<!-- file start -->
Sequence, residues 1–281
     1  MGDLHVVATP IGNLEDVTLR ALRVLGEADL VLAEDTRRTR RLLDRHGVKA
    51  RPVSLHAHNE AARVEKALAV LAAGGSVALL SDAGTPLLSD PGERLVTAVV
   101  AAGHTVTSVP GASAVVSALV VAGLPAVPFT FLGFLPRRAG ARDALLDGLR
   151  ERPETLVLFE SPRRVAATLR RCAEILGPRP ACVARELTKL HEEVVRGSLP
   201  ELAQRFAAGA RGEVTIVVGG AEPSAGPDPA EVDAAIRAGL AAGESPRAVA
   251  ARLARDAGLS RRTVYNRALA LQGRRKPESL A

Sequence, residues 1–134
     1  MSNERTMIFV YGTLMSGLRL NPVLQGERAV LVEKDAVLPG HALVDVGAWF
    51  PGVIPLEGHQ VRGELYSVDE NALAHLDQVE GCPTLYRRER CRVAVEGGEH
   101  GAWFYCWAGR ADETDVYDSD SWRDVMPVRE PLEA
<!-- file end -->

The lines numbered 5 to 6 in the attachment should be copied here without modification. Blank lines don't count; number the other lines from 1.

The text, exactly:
   151  ERPETLVLFE SPRRVAATLR RCAEILGPRP ACVARELTKL HEEVVRGSLP
   201  ELAQRFAAGA RGEVTIVVGG AEPSAGPDPA EVDAAIRAGL AAGESPRAVA